Ramaphosa must intervene in extradition co-operation
A YEAR ago Dubai Police, in co-operation with the FBI, arrested a transnational cyber scam gang living in the UAE. They tracked the Nigerian gang leader through his Instagram account, “Hushpuppi”, and extradited him to the US to face criminal charges for alleged money laundering.
The UAE and South Africa finally ratified an extradition treaty in June after 11 years of trying. What chance of a similar joint operation between Dubai Police and the Hawks, in nabbing the Gupta sibling troika – Ajay, Rajesh and Atul, and their sidekick Salim Essa, and returning them from their emirate refuge to face charges of alleged corruption in South Africa?
The fact that they fled suggests they either distrust South African justice or they have something to hide.
After all, there is an Interpol Red Notice for their arrest. In April, the UK government put all four on its sanctions list, including asset freezes and travel bans under its Global Corruption Sanctions Regime.
This follows similar action imposed on the “fugitive four” by the US Treasury in October 2019 who it said were members of a “significant corruption network” in South Africa.
The UAE’s obfuscation in co-operating with Pretoria in bringing the four to face charges is not surprising. The two sides have been negotiating the extradition accord since February 2010. It was finally signed in September 2018. While the South African Parliament ratified the treaty two months later in November 2018, it has taken the UAE almost three years to do the
same. So much for the UAE’s diplomatic rhetoric that relations between the two countries can only progress on the basis of “co-operation”.
Dubai, with its entrepot ambition, has had its share of high-profile fraud and financial scandals. Dubai Islamic Bank, for instance was the victim of two such frauds – a $501m scam in 2009 and a $200m one in 2004 when the then general manager claimed that the perpetrators had cast a “Black Magic” spell on him to part with the funds.
Then there was the $400m metals trade fraud in 2005 perpetrated by the owner of Solo Industries defrauding a staggering 26 banks – including global majors, supposedly with sophisticated trade finance operations. No market or country is immune from such activities.
The spectre of the Dubai Police chief publicly castigating the then governor of the UAE Central Bank for dereliction of duty and failing to properly regulate the financial sector was a sight to behold and revealing.
Dubai is perceived, rightly or wrongly, as a “safe refuge” for mafia dons especially from the Indian
sub-continent. There is a running joke among expats that Dubai is a haven for all sorts of dons: “They don’t care what you did outside. They like you spending money inside. But if you try to do something bad in the country they will come down like a ton of bricks.”
Abu Dhabi and Dubai, authoritarian absolute monarchies, try to punch way above their weight especially in foreign policy – interference in Yemen, the spat with Qatar (now resolved), arming the rebel commander in Libya, “normalising” relations with Israel to the chagrin of most of the Muslim world; and strong support for the Hindu nationalist regime of Indian Prime Minister Narendra Modi, largely in collusion with the Trump administration.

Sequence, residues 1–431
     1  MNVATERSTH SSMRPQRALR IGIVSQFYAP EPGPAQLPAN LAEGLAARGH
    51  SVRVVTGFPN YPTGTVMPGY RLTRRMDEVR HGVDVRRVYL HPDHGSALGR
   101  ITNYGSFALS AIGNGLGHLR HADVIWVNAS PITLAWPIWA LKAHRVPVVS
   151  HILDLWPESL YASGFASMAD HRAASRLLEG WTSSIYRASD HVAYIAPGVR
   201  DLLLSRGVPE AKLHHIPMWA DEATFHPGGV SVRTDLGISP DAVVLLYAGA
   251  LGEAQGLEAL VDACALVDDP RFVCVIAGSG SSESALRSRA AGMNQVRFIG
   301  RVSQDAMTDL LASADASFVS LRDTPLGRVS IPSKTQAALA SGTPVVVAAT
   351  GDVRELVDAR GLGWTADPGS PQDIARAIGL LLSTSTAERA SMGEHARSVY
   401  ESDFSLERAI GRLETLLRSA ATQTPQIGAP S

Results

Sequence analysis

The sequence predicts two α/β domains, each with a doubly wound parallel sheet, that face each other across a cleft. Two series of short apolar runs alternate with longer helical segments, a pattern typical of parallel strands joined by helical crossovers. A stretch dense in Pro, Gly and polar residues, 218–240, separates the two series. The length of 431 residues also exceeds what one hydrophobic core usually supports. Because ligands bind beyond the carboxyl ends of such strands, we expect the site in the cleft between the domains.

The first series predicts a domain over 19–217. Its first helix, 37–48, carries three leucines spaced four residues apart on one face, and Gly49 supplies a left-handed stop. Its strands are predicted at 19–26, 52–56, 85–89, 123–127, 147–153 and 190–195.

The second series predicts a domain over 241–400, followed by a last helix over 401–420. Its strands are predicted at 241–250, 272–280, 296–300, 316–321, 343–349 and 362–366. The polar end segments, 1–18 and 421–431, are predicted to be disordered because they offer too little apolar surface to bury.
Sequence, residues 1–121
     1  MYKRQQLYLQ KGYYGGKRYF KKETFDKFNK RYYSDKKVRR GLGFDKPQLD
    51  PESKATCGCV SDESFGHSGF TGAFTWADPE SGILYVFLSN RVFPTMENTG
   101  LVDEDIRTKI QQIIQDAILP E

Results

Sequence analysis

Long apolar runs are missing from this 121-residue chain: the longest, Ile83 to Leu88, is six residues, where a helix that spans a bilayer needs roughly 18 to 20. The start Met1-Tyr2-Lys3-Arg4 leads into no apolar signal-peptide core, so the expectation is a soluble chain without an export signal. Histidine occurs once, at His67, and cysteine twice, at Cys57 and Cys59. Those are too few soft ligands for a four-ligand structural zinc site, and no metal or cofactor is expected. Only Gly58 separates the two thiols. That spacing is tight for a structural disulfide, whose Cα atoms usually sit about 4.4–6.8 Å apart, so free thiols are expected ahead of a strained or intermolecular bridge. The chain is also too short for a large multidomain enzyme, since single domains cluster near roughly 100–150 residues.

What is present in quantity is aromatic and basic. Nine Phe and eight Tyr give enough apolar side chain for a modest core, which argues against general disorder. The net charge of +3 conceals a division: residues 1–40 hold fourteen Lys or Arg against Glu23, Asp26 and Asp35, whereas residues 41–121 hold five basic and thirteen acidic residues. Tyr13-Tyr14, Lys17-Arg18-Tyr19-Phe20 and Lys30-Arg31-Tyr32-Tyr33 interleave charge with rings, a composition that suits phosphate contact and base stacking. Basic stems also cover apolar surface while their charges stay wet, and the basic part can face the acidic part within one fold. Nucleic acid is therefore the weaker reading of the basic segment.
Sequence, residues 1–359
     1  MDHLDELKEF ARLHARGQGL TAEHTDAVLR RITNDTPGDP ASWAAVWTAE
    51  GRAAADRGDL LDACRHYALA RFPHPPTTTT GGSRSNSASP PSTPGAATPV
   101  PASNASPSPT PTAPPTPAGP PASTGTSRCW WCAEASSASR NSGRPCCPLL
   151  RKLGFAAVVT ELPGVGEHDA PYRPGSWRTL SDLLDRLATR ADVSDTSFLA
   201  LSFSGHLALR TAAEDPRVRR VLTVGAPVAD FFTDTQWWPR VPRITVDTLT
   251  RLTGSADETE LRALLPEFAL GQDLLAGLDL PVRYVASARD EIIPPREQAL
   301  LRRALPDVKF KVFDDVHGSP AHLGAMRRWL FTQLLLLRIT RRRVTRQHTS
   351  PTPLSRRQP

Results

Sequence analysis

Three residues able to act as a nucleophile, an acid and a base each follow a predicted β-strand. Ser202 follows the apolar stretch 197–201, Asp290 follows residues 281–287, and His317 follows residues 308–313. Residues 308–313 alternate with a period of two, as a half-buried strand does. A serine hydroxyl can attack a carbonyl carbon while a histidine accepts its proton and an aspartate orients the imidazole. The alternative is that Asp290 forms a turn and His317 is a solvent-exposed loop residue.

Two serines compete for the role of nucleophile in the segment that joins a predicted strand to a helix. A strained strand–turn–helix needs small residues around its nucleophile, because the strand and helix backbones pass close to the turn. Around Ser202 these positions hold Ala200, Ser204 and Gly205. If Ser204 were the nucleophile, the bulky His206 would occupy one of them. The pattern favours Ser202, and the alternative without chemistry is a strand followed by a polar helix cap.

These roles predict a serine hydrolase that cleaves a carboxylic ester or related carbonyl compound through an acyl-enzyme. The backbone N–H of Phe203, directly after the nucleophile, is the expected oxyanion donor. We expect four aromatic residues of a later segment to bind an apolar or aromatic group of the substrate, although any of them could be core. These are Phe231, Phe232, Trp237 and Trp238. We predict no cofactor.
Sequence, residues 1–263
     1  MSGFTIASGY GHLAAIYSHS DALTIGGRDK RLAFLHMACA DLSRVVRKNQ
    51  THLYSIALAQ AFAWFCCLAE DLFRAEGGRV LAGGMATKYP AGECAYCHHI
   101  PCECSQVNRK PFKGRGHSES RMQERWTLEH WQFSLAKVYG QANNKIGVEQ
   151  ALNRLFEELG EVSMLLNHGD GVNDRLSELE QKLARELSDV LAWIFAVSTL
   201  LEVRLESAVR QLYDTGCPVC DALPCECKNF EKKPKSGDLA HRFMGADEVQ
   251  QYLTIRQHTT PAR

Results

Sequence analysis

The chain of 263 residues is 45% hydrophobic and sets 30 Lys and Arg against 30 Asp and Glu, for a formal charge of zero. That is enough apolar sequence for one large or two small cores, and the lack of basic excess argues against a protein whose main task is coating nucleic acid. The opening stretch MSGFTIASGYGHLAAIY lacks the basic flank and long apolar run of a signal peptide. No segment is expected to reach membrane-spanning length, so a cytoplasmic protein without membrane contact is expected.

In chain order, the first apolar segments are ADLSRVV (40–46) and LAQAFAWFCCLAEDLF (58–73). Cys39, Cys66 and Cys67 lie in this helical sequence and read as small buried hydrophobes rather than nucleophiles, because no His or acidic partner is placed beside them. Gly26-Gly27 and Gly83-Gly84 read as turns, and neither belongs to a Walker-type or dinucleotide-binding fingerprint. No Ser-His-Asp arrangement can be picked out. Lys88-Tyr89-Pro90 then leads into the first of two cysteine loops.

The fact that the extradition treaty only comes into effect on July 10 suggests that Justice Minister Ronald Lamola and National Director of Public Prosecutions Shamila Batohi have their work cut out for them. They need to put more pressure on the UAE authorities directly or indirectly. Lamola’s frustration at the procrastination of UAE officials and their lack of urgency was evident at his briefing following the exchange of extradition documents on June 10.
“South Africa has persons of interest who frequent the UAE and are believed to be there. Our request for mutual legal assistance to the UAE, to date, was not prohibited by the fact that there were no treaties in force between the two states. All of our requests were sent in terms of Article 44 of the UN Convention against Corruption,” he said. Both countries are signatories to the convention.
That grace period of a month could well tempt the “fugitive four” to engineer a dramatic disappearance. Assuming they still are in Dubai, the Interpol Red Notice, boosted by the US and UK Sanctions Regimes, should suffice for the UAE authorities to put them on restricted movement and surveillance. Failing that, this episode has the potential to seriously damage UAE-South African relations.
If co-operation on the Guptas remains sluggish and in the words of Minister Lamola “unfulfilled”, this is where President Cyril Ramaphosa needs to step in. As one of the invited special guests at the recent G7 Summit in Carbis Bay in Cornwall, he needs to leverage the goodwill he mustered.
A gentle request to US President Joe Biden and British Prime Minister Boris Johnson to impart some diplomatic pressure on Dubai and Abu Dhabi, as the paymaster of the UAE Federation, would suffice. Their security and hold on power are beholden to the US and UK. Hence that joint FBI/Dubai Police operation against the cyber fraudsters, because US companies and citizens were among the victims.
Washington and London were quick to respond by putting the “fugitive four” on their sanctions regimes. What a boost it would be for the UN Convention against Corruption and Global Corruption Sanctions Regime if such transnational co-operation brought them to justice. South Africans would be so grateful.